Government

Pruitt Is Cleaning Up the EPA

The EPA administrator is purging advisory boards of those who have been receiving grants from the agency.

Political Editors · Jul. 18, 2017

One of the best decisions Donald Trump has made thus far into his presidency was his choice of Scott Pruitt to head the Environmental Protection Agency. The EPA may prove to be a textbook example of how corruption works to twist an ostensibly apolitical government agency into a primary proponent of a political cause. But Pruitt is taking the bull by the horns.

The Wall Street Journal recently noted that Pruitt has been aggressively working on replacing Barack Obama-era science advisers. In the month of June alone the EPA notified 38 advisers that their committee appointments would not be renewed. While the Left has claimed that Trump is engaged in a “war on science,” the reality is exactly the opposite. A bit of context is needed to better understand the issue at hand.

For years, the EPA has relied heavily on several non-government advisory boards because it is required to hear an advisory board’s advice before enacting new regulations. The EPA is not, however, required to heed a board’s advice. According to the Federal Advisory Committee Act rules, all advisory boards are required to be balanced and unbiased. Historically, the majority of committee members have come from academia, with some coming from consulting and activist groups. Very few members have come from industry.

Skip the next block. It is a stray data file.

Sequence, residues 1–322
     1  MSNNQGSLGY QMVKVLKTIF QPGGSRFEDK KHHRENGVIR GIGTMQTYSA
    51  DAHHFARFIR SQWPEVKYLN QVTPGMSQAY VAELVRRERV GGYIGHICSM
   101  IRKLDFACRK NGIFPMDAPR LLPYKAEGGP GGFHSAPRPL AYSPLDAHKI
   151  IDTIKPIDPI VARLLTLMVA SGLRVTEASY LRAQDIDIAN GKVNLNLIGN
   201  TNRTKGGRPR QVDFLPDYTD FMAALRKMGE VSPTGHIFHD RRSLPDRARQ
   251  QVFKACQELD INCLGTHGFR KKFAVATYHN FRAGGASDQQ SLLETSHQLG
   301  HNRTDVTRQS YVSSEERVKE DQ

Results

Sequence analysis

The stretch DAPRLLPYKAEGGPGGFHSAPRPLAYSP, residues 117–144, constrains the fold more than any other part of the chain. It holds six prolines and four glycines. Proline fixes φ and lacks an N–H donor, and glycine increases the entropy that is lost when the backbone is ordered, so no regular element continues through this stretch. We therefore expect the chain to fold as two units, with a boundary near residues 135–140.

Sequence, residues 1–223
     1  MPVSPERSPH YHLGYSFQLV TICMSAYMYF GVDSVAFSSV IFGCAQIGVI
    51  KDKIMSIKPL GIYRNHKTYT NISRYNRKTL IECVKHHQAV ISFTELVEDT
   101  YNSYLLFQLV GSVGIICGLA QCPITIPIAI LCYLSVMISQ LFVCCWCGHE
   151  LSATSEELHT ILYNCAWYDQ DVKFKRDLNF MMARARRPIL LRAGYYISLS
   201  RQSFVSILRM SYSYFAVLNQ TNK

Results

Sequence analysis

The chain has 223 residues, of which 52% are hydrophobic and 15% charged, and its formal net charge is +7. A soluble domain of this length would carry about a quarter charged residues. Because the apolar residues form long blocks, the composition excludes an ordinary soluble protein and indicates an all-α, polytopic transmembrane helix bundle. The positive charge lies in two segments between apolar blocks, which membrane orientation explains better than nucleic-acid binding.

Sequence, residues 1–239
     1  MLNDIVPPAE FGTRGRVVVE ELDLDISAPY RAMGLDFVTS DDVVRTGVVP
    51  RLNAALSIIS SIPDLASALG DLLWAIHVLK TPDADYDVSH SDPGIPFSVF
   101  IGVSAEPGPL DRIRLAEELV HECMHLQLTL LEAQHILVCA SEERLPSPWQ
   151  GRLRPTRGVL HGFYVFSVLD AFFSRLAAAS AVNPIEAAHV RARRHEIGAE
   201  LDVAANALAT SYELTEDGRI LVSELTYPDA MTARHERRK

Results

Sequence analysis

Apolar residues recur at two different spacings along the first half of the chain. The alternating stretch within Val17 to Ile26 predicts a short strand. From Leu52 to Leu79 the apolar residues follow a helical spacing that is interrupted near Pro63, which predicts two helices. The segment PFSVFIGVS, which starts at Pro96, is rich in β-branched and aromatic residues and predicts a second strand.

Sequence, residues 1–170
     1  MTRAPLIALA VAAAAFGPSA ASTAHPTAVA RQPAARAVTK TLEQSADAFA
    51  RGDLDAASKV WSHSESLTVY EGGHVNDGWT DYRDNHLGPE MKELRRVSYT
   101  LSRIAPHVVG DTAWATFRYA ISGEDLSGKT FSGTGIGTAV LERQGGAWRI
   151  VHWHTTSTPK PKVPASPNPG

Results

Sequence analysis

One of the EPA’s most prominent advisory boards is the Clean Air Scientific Advisory Committee (CASAC). In 1996, the EPA wanted to pass new restrictive regulations on emissions under the guise that these rules were needed to save the lives of thousands of Americans from dangerous air pollution. The problem was that the CASAC countered the EPA’s opinion, saying that research findings did not support the agency’s conclusion. Ignoring the advice, the EPA went ahead with enacting its costly regulations anyway.

Now here’s where the corruption problem begins to rear its ugly head. Ecofascists, frustrated with the independent nature of these advisory committees, worked to stack the deck in their favor. By the mid 2000s two-thirds of all CASAC members were grantees of the EPA. During Obama’s two terms, the number of grantees increased significantly, with hundreds of millions of dollars in research grants being awarded to these “independent” advisers. As The Wall Street Journal describes it, “In effect, EPA-funded researchers are empowered to review and approve their own work in order to rubber-stamp the EPA’s regulatory agenda. This is all done under the guise of ‘independence.’”

By reforming this practice, Pruitt is not working to quash science. On the contrary, he’s promoting it by dismantling a rigged system.

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